Sacramento River fall Chinook and Klamath River fall Chinook salmon stocks are severely constraining all seasons from Cape Falcon through California. The primary drivers affecting these populations of Chinook salmon are the direct result of the severe drought in California. To address the critically low abundances of these two stocks, the Council has recommended a complete shutdown of all salmon seasons in California, and all Chinook salmon seasons in Oregon south of Cape Falcon prior to September 1. By September 1 most of these stocks have left the area from Cape Falcon to Humbug Mt. and Oregon’s coastal fall Chinook have begun staging near the coast where they will comprise majority of the catch.
This year’s forecast for Columbia Basin hatchery coho salmon represents the third consecutive year of strong abundance in as many years, and recreational coho quotas and seasons reflect this trend. North of Cape Falcon, Chinook quotas were most restricted by tule fall Chinook from the Columbia River, while the most constraining coho were various stocks in Puget Sound. The limiting coho stock for fisheries south of Cape Falcon is the Oregon Coastal Natural coho again this year, and for Chinook it is both Sacramento River fall Chinook and Klamath River fall Chinook.
Recreational Season Summary: Ocean waters off the Columbia River from Leadbetter Pt., Washington to Cape Falcon, Oregon will be open for an all-salmon season North of Cape Falcon beginning June 24 and continue through the earlier of September 30, or quota with a hatchery mark selective coho quota of 79,800. There is also a Chinook guideline in this area of 11,490. The daily bag limit will be two salmon, but no more than one Chinook and all coho must have a healed adipose fin clip. Minimum length for Chinook is 22” and the coho minimum length is 16”.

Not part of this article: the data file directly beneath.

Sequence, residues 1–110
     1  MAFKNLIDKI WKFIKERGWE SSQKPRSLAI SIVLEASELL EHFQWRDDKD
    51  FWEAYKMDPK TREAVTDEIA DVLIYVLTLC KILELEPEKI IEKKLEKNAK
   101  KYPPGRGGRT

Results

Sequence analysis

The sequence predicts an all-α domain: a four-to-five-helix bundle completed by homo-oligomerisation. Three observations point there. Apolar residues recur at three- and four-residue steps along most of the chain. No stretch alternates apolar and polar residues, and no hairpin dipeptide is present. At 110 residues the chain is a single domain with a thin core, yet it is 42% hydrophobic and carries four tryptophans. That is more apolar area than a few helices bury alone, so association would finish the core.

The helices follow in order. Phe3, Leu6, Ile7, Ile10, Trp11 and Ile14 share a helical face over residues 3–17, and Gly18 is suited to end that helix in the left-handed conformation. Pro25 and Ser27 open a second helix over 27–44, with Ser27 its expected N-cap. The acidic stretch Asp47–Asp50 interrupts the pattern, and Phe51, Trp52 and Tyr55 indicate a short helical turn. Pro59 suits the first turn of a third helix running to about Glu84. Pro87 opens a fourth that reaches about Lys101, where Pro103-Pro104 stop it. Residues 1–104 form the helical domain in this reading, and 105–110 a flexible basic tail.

The recreational hatchery mark selective coho salmon season from Cape Falcon to the OR/CA Border will open on June 17 and continue through the earlier of August 31 or the quota of 110,000 adipose fin-clipped coho. Chinook retention is prohibited through the end of August.
There will be a non-selective coho season from Cape Falcon to Humbug Mt. opening on September 1, and will be open seven days per week through the earlier of September 30 or the quota of 25,000 non-mark selective coho. The daily bag limit is two fish, only one of which may be a Chinook. The open days in September may be adjusted in season. Coho minimum length of 16” and Chinook minimum length of 24”.
Retention of one Chinook salmon per day will be allowed beginning September 1 and continue through October 31 in the area from Cape Falcon to Humbug Mt. The season will only be open inside of the 40-fathom management line from October 1-31. Chinook minimum length of 24”.
All recreational anglers are limited to no more than 2 single point barbless hook per line when fishing for salmon, and for any species if salmon are on board the vessel.
Commercial Troll Season Summary: The commercial troll salmon seasons north of Cape Falcon will have limited Chinook quotas again this year. The fishery will be managed by quotas, season length, and vessel landing week (Thurs.-Weds.) limits. The early all salmon except coho season opens May 1 and will continue through the earlier of June 29 or the overall quota of 26,000 Chinook salmon, or the Leadbetter Pt. to Cape Falcon subarea cap of 6,040 Chinook. The early season will have a 60 Chinook per vessel per landing week (Thurs-Wed) limit. Chinook minimum length of 27”.